New Perfume Review Shalini Vanille Reve- Tiare Twilight

This is the time of year I miss where I grew up the most. The weather hasn’t really turned to spring. The dregs of winter overstay their welcome. Until I left S. Florida I never experienced this. It was always warm enough for everything to grow no matter what the calendar said. The scent of tropical flowers at twilight were a signal the day was ending and the night beginning. That smell as the odd shading of twilight creates a unique light to experience it in is captured in Shalini Vanille Reve.

Shalini

Shalini has been producing perfume since 2004. She has been building an impressive collection under her name. Last year’s release Iris Lumiere was my favorite new perfume of 2020. It is emblematic of the care she has taken in overseeing a perfume line. One of the reasons it has been so memorable is she has worked exclusively with perfumer Maurice Roucel. Ha also had a great 2020 because I named him Perfumer of the Year. What has set this collection apart is a sense of shading and texture which reminds me of an haute couture fashion collection. Which is appropriate since Shalini is that type of fashion designer. Vanille Reve displays all these characteristics.

Maurice Roucel

The inspiration for it comes from the island of Tahiti. I’ve never been but I suspect it is similar to my memories of S. Florida. The keynote which is used to summon the tropics is the tiare flower which is also called Tahitian gardenia. I have always enjoyed this variant of the better-known white flower. There is an inherent sparkle to it. By pairing it with vanilla they form a warm tropical embrace.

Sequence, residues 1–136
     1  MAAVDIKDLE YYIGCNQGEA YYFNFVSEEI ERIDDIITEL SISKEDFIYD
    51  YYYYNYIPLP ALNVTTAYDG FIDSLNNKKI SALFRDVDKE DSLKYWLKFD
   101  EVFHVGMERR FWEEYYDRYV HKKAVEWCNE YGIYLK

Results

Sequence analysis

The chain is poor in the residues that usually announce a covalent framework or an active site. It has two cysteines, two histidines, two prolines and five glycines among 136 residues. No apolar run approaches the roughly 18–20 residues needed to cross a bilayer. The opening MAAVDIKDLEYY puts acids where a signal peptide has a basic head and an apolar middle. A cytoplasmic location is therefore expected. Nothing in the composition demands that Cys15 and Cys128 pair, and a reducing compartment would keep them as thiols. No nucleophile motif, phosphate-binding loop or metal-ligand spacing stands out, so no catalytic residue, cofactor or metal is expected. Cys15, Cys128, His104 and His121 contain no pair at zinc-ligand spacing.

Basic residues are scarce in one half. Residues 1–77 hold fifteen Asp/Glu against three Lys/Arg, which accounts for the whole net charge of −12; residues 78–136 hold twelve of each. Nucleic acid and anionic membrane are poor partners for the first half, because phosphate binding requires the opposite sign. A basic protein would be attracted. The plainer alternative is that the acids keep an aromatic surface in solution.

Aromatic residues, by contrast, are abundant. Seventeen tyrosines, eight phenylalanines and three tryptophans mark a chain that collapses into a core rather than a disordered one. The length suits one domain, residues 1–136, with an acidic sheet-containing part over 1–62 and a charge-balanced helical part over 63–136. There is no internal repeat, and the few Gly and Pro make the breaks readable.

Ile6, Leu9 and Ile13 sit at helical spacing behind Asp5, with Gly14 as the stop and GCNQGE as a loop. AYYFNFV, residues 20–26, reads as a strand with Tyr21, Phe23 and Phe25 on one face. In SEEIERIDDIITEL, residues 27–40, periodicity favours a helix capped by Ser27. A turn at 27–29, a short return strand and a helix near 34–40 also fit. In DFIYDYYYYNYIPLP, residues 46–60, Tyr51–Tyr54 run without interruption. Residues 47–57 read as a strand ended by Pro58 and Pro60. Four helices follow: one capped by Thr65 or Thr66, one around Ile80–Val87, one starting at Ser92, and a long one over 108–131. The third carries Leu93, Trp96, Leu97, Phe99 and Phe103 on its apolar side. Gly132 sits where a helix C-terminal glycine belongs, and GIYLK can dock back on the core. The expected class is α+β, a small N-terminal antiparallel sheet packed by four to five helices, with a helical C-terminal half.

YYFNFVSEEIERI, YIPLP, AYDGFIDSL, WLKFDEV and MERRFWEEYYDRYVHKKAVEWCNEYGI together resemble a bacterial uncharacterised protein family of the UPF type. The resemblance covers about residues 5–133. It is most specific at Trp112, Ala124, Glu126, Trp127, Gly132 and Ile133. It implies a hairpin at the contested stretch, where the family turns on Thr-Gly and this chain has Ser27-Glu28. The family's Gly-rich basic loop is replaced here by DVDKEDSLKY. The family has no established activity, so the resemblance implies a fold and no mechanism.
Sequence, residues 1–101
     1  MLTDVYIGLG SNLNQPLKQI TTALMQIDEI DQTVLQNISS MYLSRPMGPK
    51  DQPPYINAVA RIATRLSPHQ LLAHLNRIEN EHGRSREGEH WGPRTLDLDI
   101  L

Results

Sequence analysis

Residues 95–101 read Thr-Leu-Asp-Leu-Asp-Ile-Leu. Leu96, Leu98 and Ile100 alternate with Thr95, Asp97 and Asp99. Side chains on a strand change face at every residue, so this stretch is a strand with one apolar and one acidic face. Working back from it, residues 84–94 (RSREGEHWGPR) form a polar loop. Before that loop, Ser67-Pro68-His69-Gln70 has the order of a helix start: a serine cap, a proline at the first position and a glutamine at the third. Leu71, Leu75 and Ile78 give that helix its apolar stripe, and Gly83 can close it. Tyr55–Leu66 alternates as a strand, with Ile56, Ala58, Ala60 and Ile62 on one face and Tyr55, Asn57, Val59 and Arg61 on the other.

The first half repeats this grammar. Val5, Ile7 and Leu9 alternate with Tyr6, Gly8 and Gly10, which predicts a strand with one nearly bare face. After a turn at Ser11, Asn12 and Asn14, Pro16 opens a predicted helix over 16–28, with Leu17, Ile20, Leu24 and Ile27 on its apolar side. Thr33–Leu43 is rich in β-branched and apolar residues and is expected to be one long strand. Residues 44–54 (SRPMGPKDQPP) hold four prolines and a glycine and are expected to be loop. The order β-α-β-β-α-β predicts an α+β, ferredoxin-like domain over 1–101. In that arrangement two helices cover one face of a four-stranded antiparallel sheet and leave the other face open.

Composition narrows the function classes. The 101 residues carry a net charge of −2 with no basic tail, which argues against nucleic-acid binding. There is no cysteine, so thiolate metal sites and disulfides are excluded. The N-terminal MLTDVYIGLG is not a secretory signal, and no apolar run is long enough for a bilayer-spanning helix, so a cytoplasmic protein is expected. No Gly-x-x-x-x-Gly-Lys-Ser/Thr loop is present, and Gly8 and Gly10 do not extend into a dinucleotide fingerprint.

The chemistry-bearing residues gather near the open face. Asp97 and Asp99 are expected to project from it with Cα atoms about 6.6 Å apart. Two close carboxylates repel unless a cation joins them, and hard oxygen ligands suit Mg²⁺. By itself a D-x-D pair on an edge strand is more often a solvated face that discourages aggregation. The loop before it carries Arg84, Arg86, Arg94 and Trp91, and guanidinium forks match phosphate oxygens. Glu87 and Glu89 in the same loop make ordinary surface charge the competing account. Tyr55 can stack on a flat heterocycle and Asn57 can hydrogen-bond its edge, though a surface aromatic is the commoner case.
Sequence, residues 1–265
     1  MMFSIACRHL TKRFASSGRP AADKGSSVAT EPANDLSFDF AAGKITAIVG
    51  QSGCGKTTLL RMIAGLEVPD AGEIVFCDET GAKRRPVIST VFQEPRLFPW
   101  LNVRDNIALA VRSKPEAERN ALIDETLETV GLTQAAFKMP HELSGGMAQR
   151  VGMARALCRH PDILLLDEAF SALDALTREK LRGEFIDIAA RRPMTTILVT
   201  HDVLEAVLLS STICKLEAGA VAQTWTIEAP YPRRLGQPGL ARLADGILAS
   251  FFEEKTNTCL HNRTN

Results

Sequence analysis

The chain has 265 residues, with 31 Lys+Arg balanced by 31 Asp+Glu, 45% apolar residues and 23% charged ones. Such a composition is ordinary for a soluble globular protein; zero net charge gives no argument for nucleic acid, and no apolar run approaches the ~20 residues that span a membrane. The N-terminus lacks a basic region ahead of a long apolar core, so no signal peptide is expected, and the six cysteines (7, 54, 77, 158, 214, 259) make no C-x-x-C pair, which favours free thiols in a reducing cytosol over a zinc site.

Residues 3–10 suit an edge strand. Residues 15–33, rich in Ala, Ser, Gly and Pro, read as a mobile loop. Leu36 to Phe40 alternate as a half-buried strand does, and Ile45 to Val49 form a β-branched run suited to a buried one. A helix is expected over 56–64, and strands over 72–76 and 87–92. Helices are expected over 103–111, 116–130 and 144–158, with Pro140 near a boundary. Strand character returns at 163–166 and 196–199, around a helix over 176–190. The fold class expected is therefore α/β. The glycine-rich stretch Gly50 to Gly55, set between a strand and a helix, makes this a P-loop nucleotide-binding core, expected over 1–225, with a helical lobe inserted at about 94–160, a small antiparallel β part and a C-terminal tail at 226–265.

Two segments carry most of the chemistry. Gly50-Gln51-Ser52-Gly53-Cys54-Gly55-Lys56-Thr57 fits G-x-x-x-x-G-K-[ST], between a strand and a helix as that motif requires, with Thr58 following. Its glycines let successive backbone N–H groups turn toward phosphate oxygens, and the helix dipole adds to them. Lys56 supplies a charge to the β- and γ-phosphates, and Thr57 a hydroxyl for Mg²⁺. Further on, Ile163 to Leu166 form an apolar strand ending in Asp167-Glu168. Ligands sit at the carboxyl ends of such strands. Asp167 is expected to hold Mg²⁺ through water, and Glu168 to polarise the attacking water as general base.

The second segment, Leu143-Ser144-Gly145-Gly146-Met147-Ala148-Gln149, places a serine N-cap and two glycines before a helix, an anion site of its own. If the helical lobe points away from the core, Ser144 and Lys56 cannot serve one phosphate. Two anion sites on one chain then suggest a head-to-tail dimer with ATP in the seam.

Before we get to that M. Roucel provides that shading and texture I was speaking of. He creates what I perceive as a twilight accord of anise and a pinch of cumin. The anise is full of that licorice-like quality. The cumin adds in the odd optics of the interface between day and night. It creates a beautiful accord to build from. The tiare comes next. It has less of the green of the traditional gardenia while being creamier in style. Some tuberose and jasmine are around to give depth to the tiare. This is that moment as you stand on the lanai smelling the night blooming flowers mix with the denizens of daylight. The anise adds dancing shadows among it all. As the sun sets the warmth of vanilla flows over it all, banishing the anise as it combines with the tiare. This becomes a creamy floral comfort scent over the final hours.

Vanille Reve has 12-14 hour longevity and average sillage.

Twilight is a part of the day where it feels like magic is possible. It seems as if Shalini and M. Roucel must be composing perfume at that time of day. Vanille Reve is another magical addition to the collection.

Disclosure: This review is based on a sample provided by Shalini.

Mark Behnke

New Perfume Review Maison Margiela Replica Matcha Meditation- Chocolate Tea

When it comes to my morning hot beverage of choice, I am an equal opportunity imbiber. We have shelves filled with loose teas and bags of coffee beans. It generally isn’t until I am standing in front of the cabinet that I make my choice. I have found I have seasonal preferences. One is for the green teas as the transition from winter to spring happens. To stand on the porch while the poodles run with a cup steaming in my hand is my idea of a good morning.